Bling up your wedding rings with diamonds, engraving or a statement design

You’ll wear it every day for the rest of your life, but that doesn’t mean your wedding band needs to be shy and retiring


We’ve been seeing a growing commitment to diversification in bridal fashion for a while now. Gone are the days when you could buy a strapless ivory gown and be done with it; in 2020, it turns out there’s a lot you can do to a white dress. (Not that it even has to be white any more: black is the colour du jour.) Whether it’s beaded embellishments, feather capes or some seriously statement sleeves, the world is your oyster.

While we have all these new options for clothing, however, we haven’t seen the same appetite for change in the bridal jewellery market – until now. “There’s so much choice out there for couples to plan a wedding that completely reflects their personalities, and the rings are no different,” believes Glasgow-based jeweller Katie Lees.

“You want a colourful band? Do it. You’re after two wedding bands that can be styled differently? Why not. I love to encourage couples to go against what is traditional and choose a ring they’ll want to see every day. Wear what looks and feels right.”

From left: Coronet ring in 9ct yellow gold with diamonds, from £810; New ring, from £1,225, Stack
ring, from £525, Flare ring in gold, £690, Mantra Diamond ring, from £1,055; Vex ring in 9ct yellow gold, from £610, all Katie Lees Jewellery

If you’re feeling similarly avant-garde, breaking with tradition doesn’t have to mean compromising on materials: with advice from top jewellers, you can still incorporate the refined elements of more classic bands.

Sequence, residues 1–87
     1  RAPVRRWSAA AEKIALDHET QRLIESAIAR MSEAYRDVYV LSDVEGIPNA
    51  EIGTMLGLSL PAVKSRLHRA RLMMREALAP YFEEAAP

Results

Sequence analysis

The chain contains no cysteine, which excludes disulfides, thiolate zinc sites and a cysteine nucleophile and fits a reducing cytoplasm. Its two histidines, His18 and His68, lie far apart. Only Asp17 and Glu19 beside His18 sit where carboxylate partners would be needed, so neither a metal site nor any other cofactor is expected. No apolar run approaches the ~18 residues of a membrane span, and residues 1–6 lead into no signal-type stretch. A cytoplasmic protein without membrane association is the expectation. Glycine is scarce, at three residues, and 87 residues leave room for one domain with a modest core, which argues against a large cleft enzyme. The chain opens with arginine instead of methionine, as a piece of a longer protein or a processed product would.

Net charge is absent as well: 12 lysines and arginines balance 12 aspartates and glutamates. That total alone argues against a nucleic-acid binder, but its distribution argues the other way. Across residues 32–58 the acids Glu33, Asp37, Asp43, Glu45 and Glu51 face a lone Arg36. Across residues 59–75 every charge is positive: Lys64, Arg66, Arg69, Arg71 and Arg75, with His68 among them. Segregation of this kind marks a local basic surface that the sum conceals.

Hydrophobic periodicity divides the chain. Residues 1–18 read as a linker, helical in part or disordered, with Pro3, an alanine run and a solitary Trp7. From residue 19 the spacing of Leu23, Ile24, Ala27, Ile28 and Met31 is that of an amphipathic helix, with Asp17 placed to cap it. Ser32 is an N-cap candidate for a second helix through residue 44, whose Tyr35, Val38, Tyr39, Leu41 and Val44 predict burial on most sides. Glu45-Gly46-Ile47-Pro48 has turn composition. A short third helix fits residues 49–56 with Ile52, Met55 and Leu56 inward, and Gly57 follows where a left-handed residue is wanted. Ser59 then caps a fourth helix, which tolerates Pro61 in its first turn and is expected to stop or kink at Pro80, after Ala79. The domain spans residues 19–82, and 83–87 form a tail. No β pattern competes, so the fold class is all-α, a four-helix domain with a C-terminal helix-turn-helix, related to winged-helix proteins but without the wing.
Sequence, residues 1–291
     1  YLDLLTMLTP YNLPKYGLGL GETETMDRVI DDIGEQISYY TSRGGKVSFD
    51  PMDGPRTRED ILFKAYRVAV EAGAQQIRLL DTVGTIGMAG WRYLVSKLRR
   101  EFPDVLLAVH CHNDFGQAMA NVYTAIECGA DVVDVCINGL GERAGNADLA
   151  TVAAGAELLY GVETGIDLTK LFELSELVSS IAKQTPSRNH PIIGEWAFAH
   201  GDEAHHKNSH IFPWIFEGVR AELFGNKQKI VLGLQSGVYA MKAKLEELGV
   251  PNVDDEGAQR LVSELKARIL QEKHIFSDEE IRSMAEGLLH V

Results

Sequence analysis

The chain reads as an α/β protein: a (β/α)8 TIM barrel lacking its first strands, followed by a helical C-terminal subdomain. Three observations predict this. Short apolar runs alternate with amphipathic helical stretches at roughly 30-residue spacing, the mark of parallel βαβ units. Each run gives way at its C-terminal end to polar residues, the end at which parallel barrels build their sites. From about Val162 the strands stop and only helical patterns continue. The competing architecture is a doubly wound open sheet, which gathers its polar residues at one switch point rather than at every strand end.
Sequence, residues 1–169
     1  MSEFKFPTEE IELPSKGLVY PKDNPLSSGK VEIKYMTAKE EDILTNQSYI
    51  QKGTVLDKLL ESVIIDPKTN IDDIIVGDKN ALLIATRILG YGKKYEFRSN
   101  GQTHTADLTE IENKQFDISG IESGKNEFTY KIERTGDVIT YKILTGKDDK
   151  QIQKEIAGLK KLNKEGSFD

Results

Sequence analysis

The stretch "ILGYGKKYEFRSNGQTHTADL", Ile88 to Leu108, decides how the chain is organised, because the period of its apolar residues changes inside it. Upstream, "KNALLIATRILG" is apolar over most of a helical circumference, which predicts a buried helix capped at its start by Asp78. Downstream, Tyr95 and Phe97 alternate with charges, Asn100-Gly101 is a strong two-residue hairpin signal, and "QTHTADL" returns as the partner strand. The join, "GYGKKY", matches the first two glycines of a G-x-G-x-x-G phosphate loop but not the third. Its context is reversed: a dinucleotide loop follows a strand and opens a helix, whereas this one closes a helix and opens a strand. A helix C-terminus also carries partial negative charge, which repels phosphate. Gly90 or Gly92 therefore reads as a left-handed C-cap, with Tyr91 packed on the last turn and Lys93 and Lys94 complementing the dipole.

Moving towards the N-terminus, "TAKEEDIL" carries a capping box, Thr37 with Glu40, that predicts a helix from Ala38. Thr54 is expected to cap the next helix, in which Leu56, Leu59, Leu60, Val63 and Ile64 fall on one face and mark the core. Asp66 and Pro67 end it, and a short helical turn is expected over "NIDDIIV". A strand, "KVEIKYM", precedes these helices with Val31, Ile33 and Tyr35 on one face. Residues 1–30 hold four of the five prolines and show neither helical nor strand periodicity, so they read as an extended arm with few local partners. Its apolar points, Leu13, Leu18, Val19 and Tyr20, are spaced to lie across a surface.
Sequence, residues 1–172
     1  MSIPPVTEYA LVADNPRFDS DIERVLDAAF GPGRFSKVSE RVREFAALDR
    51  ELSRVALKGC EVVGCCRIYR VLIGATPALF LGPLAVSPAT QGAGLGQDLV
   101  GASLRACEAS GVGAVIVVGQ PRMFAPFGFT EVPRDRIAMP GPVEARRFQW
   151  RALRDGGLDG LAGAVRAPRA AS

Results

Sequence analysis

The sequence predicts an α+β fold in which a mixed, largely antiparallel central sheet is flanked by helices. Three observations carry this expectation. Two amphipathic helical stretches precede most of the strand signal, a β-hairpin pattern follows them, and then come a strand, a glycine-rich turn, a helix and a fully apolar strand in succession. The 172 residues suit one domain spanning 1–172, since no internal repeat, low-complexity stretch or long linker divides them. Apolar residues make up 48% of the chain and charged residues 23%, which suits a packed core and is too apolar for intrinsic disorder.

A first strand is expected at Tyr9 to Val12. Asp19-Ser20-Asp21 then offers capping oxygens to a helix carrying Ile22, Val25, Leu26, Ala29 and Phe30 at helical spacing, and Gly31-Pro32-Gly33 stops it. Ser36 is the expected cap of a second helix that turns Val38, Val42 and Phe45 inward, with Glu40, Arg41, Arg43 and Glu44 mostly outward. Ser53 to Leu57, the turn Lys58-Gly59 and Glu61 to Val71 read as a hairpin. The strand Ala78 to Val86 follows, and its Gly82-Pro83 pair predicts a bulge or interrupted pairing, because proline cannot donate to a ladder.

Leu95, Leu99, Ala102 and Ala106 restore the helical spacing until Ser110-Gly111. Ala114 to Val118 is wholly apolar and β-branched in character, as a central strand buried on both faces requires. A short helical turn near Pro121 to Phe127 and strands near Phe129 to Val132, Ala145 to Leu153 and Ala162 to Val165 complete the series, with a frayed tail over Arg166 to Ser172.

“A lot of people have realised that they can have high-quality components (like gold and diamonds) but still personalise the design,” says Julia Black, jewellery designer at Glasgow’s James Brown & Partners. “In fact, we’ll often use metal or stones the customer already has to make their new bands. This can be a lovely way to add sentiment to the piece.”

When features writer Rosie and I chat all things ‘rings’ (these are the kinds of conversations you have when you work at a wedding magazine), she’ll often lament how many couples treat their bands as an afterthought. Ultimately, she points out, they’re one of the few aspects of the day that will last to tell the tale of your whole marriage.

I’m inclined to agree: we throw around the word ‘investment’ a lot when it comes to jewellery, but it couldn’t be more applicable to the bling on the third finger of your left hand, so it might be time to sit up and pay attention.

From left: Contemporary Diamonds Princess ring in 18ct white gold, from £1,793, and Contemporary Diamonds ring in 18ct white gold, from £1,010; Matrix ring in 9ct yellow gold, from £604; Ogham ring in 9ct white gold, from £557, all Sheila Fleet

When researching what’s out there, remember that you always have the option to retain any of the traditional elements you like. If that means less is more, then go for it. “Gents could opt for a plain band with a pattern offset on one edge – it adds a bit of something different without moving too far away from the classic style,” suggests Claire Moore of Jewellery By Design in Linlithgow. “For ladies, a plain band can be dressed up with a single accent diamond to add a little sparkle.”

Of course, couples have been using subtle engravings to personalise their rings for decades. “Most people tend to ask for initials and the date of their wedding,” shares talented jeweller Jane Harrison, “but recently I’ve had clients get a little more creative – nicknames, quotes from their favourite books or even song lyrics. Get whatever is special to you.”

Claire also suggests having your partner’s fingerprint embossed on the inner edge, or inscribing the date in the other’s handwriting.